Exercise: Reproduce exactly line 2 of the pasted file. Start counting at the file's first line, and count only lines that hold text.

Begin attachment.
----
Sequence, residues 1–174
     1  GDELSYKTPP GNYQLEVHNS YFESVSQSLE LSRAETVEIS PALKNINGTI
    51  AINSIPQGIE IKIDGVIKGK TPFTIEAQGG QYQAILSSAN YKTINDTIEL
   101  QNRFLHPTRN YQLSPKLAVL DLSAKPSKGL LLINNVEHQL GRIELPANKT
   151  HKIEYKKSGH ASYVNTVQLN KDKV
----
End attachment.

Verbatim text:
     1  GDELSYKTPP GNYQLEVHNS YFESVSQSLE LSRAETVEIS PALKNINGTI